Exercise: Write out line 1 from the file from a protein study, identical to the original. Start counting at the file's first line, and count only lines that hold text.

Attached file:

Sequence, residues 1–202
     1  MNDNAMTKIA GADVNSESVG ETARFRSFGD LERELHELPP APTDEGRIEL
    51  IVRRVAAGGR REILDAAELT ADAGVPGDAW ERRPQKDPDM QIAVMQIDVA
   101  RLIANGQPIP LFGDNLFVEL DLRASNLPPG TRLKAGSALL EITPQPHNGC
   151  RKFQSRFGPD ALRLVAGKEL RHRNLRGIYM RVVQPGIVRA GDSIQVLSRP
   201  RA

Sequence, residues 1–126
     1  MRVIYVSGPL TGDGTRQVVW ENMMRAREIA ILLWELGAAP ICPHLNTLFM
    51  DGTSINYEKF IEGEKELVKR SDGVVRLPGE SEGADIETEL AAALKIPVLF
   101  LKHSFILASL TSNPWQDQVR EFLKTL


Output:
Sequence, residues 1–202